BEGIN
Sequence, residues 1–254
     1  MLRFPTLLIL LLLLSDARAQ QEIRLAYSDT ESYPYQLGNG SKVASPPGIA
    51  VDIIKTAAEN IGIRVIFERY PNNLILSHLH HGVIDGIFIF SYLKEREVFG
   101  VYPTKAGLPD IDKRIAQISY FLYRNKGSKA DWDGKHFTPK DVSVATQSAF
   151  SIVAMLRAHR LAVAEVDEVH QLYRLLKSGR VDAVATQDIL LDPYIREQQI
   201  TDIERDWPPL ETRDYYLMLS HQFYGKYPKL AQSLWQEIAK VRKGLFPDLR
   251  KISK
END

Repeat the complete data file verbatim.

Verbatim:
Sequence, residues 1–254
     1  MLRFPTLLIL LLLLSDARAQ QEIRLAYSDT ESYPYQLGNG SKVASPPGIA
    51  VDIIKTAAEN IGIRVIFERY PNNLILSHLH HGVIDGIFIF SYLKEREVFG
   101  VYPTKAGLPD IDKRIAQISY FLYRNKGSKA DWDGKHFTPK DVSVATQSAF
   151  SIVAMLRAHR LAVAEVDEVH QLYRLLKSGR VDAVATQDIL LDPYIREQQI
   201  TDIERDWPPL ETRDYYLMLS HQFYGKYPKL AQSLWQEIAK VRKGLFPDLR
   251  KISK